Officials getting to the Point
EASTON — Representatives from the Town of Easton, Talbot County and the State of Maryland gathered for a preliminary meeting Aug. 28 at the Easton town hall to further discuss the Easton Point area.
Easton Mayor Bob Willey led the meeting with a presentation outlining the project’s progress so far and the related resolutions that have been passed by the town council and the planning commission.
Easton Point Park began in the planning stages in 2012 with many community organizations, including the Eastern Shore Land Conservancy and Town Creek Foundation. At the time, this project was several years out and involved properties along the waterfront by the soon-to-be complete Tred Avon pedestrian bridge, a Rails to Trails project on the former Baltimore Chesapeake and Atlantic Railroad Line.
“Through its redevelopment, Port Street will become a desirable destination and water gateway into the Town, with diverse uses including cultural, housing, open spaces, walkability, recreation, restaurants and retail,” according to the project executive summary of the Port Street Small Area Plan.
Willey said the Maryland Department of Natural Resources and Maryland Department of the Environment have done repeated inspections of the town property.
“The property is safe for construction,” he said. “The Town of Easton has submitted a DNR Parks and Playground application for grant funding, about $200,000 for the Easton Point Park.”
Willey also mentioned the idea of a new traffic light for the intersection of Glenwood Avenue and state Route 322. The State Highway Administration is redesigning this intersection to include left turn lanes and the open access needed for the Rails to Trails project.
As this is the only intersection on the parkway without a traffic signal, the town has requested that a traffic signal with pedestrian crossing be included in this design, for both school and pedestrian safety.
Willey said the town still needs to annex land from the county; the most recent annexation brought about 6 acres of land into Easton.
With annexation and the plans to create a larger waterfront Easton Point Park, another variable is the relocation of surrounding businesses to suitable sites somewhere close by, Willey said.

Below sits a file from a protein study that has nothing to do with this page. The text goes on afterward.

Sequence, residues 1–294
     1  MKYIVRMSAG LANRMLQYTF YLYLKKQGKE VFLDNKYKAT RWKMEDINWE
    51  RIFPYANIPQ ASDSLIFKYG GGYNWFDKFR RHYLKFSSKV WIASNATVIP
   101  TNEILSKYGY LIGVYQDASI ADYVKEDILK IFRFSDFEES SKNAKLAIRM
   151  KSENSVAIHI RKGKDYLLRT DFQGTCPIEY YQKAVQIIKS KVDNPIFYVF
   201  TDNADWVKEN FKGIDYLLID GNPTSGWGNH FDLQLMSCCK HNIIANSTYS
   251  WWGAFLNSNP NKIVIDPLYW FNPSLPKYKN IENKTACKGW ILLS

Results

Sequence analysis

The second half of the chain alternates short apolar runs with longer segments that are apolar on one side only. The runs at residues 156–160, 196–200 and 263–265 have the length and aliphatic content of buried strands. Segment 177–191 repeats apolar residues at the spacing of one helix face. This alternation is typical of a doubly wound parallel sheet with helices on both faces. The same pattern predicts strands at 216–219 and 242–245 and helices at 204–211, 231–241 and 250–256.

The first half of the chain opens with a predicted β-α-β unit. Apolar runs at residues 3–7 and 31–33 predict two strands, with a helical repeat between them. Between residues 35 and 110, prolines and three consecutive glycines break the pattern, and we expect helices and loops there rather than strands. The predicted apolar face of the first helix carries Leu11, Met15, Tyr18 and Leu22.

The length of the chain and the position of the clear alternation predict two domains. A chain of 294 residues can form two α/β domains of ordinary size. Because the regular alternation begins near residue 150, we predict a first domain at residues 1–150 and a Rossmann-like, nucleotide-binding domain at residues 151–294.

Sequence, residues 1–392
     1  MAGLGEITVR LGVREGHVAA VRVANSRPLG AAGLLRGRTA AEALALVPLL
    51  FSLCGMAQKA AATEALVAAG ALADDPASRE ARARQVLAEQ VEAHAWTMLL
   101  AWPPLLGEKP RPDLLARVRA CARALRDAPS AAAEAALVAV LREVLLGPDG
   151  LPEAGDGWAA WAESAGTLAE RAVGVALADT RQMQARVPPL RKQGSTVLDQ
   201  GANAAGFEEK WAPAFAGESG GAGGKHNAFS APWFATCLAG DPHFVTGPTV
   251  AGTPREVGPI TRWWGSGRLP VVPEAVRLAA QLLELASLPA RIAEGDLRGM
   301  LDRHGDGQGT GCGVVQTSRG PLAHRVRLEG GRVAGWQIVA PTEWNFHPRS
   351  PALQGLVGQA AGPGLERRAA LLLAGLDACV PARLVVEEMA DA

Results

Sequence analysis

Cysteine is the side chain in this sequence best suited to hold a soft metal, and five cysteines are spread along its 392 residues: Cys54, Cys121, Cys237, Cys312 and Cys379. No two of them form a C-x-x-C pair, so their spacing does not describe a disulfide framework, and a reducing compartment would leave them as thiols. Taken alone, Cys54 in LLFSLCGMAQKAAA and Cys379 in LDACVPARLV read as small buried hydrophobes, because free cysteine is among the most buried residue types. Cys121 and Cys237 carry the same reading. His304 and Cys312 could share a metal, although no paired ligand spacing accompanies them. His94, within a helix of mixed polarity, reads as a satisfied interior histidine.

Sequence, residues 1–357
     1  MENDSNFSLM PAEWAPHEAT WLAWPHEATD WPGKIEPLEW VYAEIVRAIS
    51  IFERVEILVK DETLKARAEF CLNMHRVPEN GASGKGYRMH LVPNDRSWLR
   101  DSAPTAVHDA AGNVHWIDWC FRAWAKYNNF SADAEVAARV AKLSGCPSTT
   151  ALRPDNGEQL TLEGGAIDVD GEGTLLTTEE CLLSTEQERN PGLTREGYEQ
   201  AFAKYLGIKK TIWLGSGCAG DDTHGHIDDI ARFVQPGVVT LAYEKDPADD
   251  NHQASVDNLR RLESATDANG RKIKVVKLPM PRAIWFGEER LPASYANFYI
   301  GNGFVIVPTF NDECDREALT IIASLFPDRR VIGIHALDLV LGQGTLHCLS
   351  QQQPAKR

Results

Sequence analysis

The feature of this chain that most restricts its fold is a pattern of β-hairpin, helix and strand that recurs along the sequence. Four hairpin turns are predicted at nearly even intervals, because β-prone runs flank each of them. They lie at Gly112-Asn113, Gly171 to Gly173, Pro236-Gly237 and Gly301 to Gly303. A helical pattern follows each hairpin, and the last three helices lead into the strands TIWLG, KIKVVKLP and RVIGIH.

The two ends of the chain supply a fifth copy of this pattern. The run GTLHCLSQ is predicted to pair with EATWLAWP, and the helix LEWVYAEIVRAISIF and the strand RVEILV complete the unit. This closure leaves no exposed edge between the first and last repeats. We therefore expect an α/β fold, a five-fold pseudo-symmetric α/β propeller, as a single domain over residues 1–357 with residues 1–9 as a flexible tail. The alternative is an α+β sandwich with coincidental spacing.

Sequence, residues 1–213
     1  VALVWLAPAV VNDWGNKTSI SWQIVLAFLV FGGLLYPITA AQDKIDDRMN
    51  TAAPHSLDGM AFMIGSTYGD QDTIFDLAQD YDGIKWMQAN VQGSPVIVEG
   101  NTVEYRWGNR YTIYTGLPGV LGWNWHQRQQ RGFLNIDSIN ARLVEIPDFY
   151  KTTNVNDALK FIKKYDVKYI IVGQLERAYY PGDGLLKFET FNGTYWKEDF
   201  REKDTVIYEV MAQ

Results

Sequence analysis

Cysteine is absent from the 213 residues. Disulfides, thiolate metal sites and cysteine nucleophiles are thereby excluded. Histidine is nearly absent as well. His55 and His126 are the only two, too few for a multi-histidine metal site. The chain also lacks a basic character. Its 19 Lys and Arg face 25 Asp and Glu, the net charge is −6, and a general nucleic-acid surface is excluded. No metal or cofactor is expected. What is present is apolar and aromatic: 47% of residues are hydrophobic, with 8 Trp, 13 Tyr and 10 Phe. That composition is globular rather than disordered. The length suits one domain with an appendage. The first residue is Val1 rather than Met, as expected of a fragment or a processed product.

He said there was no hesitation in that regard, as the businesses have two to three years before uprooting and relocating. The town has begun early discussions with those businesses. The mayor is looking to state delegates and federal representatives to assist with funding.
The next steps involve drafting a timeline, as requested by Sen. Addie Eckardt, R-37-Mid-Shore, as the project still is in its early preliminary stages.
Another subject of discussion was the planning commission’s efforts in reducing the density of Easton Point.
The Mixed Use Waterfront Zoning District created for this Easton Point area is divided into four sub-districts. The water’s edge, the first 100 feet from the water, is restrictive in what can be built, and beyond that, the sub-districts become less restrictive moving inland. The planning commission has developed lower densities permitted in these sub-districts ranging from 12 to 30 dwelling units per acre, Town Manager Don Richardson said.
County Councilwoman Laura Price said adding retail to the waterfront would pull away from Easton’s downtown shopping centers and townhouses would result in Easton Point being too dense.
Price said she would prefer to leave the landing as is and beautify the area.
“To have every citizen in Talbot County come down there and not have to spend a bunch of money, but just come down there with a picnic lunch and look at that view … It is the best view in Talbot County,” Price said.
She said she hopes for a park similar to those in Oxford and St. Michaels.
County Councilman Dirck Bartlett warned against a “Red Eye Dock Bar” type atmosphere, fearing it would take away from what is intended to be family-friendly destination.
“I think you have to be careful how it unfolds,” Bartlett said. “It has to stay limited in size.”